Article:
They ought to study from a perspective of sequence stratigraphy – would be fun! :-D

  8. Peter Miller says:

    For anyone interested, here is a topography map of Greenland’s bedrock.

    As can be seen, there is a big basin in the middle, which helps anchor the overlying ice sheets.

    If Greenland had been a ‘normal’ shaped island – i.e. highest in the middle – then today’s sea level would be much higher and the ice sheets there much thinner.

    http://upload.wikimedia.org/wikipedia/commons/8/8b/Topographic_map_of_Greenland_bedrock.jpg

  9. AleaJactaEst says:

    give the prestack seismic (cos this effectively what it is) data to a geophysicist and get the 3D model processed. Then you get loads of events (horizons or reflectors) and can analyse each separately. I agree with LearDog – sequence this Puppy!! Wonder what happened at around 2000m thickness? ago – major dark horizon. Vulcanism or compaction??

  10. Jeff Alberts says:

    And as we all know, CReSIS is just one letter away from CRISIS! Hold on to your wallets!

  11. Pamela Gray says:

    I love this! Fascinating! Reminds me of teasing out the much weaker but non-random auditory brainstem response to sound buried in the cacophony of our larger busy random cortical level brainwaves.

  12. Billy Liar says:

    @ LearDog

    The layering in the picture above is relatively undistorted, I believe, because Vostok is a dome; ie a summit. There are very low flow rates of the ice away from the summit hence the lack of distortion.

  13. Paul Coppin says:

    That topo map of Greenland makes it look like Greenland is a impact crater, tectonically squashed… The density layers might correlate with vulcanism on nearby Iceland…

  14. Ric Werme says:

    > This is why MCoRDS uses a relatively low frequency—between 120 and 240 MHz.

    Wow, the US FM broadcast band only goes up to 108 MHz or so. Conventional radar is in the GHz range.

    Cool stuff.

  15. Paul Coppin says:

    Oops, duh. Scratch the speculation about Iceland, seeing as how that’s a Vostok trace. errrrggh.

  16. BioBob says:

    erm – I always read that the bedrock bowl shape was the result of megatons of ice deforming the original surface elevation. Also that once the miles of ice melted away, the elastic nature of bedrock allowed the surface to rise back into it’s previous configuration. But nevermind….

  17. Pittzer says:

    I guess NASA would be interested in this technology to use on future exploration of Jupiter’s icy moons (JIMO). One can only hope.

  18. Doug says:

    Every technical issue discussed has been extensively addressed by the seismic industry. It is clear they need to get Big Oil involved. Oh, the irony!
    @leardog—-I see all sorts of interesting disconformities in that image. There is some remarkable documentation of non-anthropogenic climate change in there!

  19. Ed Mr. Jones says:

    Note the DC-3 in the background! First built in the 2nd half of the 1930′s! Still utile and viable. Let’s see a Reel Klimut Sientist (TM) build something like that.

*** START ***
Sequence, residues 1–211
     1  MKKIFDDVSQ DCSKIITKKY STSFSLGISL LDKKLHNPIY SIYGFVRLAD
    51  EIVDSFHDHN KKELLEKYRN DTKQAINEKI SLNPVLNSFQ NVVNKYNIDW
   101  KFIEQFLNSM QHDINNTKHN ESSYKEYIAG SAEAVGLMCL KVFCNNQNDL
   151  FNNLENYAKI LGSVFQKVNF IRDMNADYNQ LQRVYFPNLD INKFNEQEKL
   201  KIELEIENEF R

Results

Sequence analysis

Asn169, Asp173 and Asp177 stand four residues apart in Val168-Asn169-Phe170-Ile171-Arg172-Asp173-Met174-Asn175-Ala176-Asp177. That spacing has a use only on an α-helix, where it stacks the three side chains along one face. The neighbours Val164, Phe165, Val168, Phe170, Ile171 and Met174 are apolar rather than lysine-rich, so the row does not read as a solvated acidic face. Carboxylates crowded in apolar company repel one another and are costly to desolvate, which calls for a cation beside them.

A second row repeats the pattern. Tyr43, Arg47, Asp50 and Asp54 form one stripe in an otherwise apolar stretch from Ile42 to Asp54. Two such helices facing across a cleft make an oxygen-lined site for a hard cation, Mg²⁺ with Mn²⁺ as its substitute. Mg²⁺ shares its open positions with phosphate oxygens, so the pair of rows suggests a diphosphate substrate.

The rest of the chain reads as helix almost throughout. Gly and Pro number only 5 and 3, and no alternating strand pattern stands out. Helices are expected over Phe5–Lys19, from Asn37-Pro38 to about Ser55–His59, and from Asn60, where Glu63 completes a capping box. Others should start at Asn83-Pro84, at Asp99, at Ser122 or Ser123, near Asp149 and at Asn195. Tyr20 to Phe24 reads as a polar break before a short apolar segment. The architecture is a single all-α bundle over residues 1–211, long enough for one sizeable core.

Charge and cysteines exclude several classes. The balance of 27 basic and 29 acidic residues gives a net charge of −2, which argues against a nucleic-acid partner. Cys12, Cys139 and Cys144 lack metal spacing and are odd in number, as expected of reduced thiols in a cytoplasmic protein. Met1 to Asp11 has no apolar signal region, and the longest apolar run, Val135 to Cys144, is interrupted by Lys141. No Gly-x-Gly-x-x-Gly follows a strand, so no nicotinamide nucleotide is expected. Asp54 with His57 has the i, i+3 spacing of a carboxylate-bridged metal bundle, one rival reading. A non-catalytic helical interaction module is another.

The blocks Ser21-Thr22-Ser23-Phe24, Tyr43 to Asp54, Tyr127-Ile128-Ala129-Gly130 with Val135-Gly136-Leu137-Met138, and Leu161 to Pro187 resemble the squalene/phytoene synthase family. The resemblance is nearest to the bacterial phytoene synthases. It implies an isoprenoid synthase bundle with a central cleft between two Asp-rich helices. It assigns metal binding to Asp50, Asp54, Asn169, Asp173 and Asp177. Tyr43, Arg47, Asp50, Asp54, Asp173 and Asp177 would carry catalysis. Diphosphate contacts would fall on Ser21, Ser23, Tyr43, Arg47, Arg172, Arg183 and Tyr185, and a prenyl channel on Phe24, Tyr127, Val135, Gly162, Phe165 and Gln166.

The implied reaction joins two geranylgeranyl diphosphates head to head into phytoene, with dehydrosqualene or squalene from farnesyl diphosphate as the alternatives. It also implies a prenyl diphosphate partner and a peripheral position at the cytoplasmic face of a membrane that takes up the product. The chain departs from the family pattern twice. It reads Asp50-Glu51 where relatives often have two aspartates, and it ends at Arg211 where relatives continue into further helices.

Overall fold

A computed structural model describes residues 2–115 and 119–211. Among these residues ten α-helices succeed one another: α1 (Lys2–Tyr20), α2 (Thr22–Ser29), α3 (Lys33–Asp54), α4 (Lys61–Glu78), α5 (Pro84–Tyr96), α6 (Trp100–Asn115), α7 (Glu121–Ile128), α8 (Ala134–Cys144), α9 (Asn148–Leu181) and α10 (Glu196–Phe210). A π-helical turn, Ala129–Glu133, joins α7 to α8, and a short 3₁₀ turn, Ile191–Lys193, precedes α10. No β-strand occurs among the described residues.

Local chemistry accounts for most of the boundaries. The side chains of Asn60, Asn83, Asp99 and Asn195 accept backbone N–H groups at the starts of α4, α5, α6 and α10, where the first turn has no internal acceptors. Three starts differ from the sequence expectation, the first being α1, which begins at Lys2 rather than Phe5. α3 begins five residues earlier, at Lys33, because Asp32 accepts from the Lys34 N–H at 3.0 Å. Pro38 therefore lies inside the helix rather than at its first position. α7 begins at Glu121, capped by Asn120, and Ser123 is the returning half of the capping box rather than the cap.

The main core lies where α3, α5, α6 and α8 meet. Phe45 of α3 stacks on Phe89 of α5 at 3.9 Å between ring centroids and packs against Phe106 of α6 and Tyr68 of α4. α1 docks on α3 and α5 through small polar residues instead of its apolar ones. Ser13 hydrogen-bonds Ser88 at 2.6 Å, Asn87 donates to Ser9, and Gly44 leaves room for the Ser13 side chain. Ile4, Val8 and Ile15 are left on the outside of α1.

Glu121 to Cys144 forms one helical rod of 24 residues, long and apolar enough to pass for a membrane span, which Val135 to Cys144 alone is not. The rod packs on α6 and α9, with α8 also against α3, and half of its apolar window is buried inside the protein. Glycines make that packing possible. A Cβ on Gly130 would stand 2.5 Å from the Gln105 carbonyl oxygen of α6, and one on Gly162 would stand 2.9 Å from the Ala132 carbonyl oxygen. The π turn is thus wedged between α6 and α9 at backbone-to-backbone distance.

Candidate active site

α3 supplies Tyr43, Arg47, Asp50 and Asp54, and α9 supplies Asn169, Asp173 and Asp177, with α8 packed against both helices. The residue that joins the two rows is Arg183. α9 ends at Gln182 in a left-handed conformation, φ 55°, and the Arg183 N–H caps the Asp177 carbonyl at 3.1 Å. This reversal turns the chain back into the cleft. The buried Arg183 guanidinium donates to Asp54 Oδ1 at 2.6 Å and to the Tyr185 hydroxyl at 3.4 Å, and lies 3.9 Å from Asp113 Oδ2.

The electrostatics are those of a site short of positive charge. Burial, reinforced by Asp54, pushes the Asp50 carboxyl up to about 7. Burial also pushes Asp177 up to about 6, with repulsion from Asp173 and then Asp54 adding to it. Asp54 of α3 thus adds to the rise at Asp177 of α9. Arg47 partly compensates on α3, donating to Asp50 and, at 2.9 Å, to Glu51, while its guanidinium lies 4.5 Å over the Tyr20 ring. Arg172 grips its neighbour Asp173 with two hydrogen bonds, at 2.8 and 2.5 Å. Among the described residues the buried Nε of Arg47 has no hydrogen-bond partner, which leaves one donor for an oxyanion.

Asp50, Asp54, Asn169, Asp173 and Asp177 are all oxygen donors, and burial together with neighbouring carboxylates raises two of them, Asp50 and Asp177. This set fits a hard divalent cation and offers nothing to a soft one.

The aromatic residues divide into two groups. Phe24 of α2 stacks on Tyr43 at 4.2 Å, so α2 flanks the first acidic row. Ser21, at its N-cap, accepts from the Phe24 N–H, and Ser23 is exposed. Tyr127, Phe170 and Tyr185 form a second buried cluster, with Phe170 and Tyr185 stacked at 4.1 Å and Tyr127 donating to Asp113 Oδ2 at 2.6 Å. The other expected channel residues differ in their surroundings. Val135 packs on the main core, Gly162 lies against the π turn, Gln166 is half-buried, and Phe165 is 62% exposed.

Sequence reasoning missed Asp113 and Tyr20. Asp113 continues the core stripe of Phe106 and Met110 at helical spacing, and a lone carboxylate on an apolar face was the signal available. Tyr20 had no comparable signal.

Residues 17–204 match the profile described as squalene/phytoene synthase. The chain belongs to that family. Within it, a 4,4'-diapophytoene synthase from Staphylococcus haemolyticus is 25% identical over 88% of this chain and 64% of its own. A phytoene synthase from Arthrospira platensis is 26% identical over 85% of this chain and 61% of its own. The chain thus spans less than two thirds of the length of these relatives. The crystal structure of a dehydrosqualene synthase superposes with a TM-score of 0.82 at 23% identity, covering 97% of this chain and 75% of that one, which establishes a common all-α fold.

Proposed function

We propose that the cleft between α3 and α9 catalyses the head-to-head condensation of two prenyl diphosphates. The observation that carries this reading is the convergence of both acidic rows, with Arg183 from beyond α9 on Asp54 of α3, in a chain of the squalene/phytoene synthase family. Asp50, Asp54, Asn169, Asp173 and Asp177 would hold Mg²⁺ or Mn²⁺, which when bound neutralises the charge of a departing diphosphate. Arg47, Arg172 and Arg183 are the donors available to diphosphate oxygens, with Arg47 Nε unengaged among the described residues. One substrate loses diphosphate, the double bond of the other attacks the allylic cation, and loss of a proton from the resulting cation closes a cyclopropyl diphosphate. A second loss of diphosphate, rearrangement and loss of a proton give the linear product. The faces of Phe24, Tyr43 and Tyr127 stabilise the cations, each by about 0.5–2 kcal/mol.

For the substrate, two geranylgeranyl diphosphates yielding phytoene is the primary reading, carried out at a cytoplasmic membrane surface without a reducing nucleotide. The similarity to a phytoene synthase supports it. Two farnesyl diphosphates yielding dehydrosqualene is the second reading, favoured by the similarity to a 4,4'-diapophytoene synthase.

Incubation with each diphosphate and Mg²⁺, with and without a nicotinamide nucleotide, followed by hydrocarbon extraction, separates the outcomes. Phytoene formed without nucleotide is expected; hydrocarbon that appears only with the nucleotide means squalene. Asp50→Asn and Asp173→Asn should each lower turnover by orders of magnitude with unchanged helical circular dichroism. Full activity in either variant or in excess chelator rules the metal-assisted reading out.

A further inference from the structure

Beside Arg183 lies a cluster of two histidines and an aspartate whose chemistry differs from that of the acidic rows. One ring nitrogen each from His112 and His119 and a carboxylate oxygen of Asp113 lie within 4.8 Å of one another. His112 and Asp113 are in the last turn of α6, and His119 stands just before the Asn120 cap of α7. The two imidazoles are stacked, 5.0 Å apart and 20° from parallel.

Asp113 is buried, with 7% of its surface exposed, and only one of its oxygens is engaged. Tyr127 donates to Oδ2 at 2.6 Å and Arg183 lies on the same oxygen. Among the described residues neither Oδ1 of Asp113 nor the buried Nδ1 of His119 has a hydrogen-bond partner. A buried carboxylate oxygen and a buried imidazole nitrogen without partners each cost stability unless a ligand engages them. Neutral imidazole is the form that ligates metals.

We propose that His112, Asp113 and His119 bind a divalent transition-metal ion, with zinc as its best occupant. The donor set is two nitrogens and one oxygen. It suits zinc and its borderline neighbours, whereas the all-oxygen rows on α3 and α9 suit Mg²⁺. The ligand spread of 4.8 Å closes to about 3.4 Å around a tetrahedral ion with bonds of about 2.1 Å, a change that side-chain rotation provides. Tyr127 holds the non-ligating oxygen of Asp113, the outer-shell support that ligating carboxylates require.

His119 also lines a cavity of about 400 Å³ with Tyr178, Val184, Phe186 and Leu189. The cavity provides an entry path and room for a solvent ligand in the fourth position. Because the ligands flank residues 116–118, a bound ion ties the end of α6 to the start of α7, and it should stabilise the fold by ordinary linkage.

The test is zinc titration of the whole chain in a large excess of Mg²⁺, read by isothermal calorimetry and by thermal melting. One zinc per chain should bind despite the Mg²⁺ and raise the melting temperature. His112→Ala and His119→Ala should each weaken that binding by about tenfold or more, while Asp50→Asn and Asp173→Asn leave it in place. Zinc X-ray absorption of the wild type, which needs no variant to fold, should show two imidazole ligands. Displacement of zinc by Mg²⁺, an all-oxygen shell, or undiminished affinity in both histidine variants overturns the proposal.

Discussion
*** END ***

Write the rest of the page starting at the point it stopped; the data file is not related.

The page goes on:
20. Ed Mr. Jones says:

    Looks like the DC 3 Got a PT-6 Gas turbine power plant upgrade – another exercise in engineering perfection.

  21. kim says:

    Yes, Greenland’s snowcone lies in a bowl, an admission I had to pull like an impacted molar from a CReSIS engineer. They are looking for evidence the ice mass will slip catastrophically off the island and not that it is stable. So, caveat inquisitor.
    ===========

  22. james griffin says:

    They are desperate to find evidence of AGW…..some scientists will have open minds and be objective…and really enjoy this project. Others will have but one agenda……and we all now what that is.

  23. Jimbo says:

    “Exactly what the future holds remains to be seen,…..”

    But it will be worse than we thought. Wait until researchers start cherry picking areas that show any ice thinning and ignore thickening areas.

  24. commieBob says:

    Ed Mr. Jones says:
    December 3, 2013 at 7:25 am

    You have good eyes Mr. Jones. I totally missed the DC-3. C-FMKB owned by Kenn Borek Aviation.

    The Basler BT-67 is a fixed-wing aircraft produced by Basler Turbo Conversions of Oshkosh, Wisconsin. It is built on a retrofitted Douglas DC-3 airframe, with modifications designed to improve the DC-3′s serviceable lifetime. The conversion includes fitting the airframe with Pratt & Whitney Canada PT6A-67R turboprop engines, lengthening the fuselage, strengthening the airframe, upgrading the avionics, and making modifications to the wings’ leading edge and wing tip. http://en.wikipedia.org/wiki/Basler_BT-67

    They are truly amazing planes. As the old saw has it: The only replacement for a DC-3 is another DC-3.

  25. Resourceguy says:

    Geology rules…..if anyone will listen.

  26. tty says:

    Paul Coppin says:

    “That topo map of Greenland makes it look like Greenland is a impact crater, tectonically squashed… The density layers might correlate with vulcanism on nearby Iceland…”

    No. Greenland is unusual since it has escarpments caused bu rifting and oceans opening on both coasts, so it was always rather high at the edges and low in the middle (like southern Africa). Then the weight of the ice has depressed the center even more. It is this bowl-shape that makes the Greenland ice-sheet so uniguely stable. It can’t calve out in any direction. The only way it can disappear is by melting in place.

  27. Mac the Knife says:

    Ed Mr. Jones says:
    December 3, 2013 at 7:21 and 7:25 am
    Looks like the DC 3 Got a PT-6 Gas turbine power plant upgrade – another exercise in engineering perfection.

    Ed,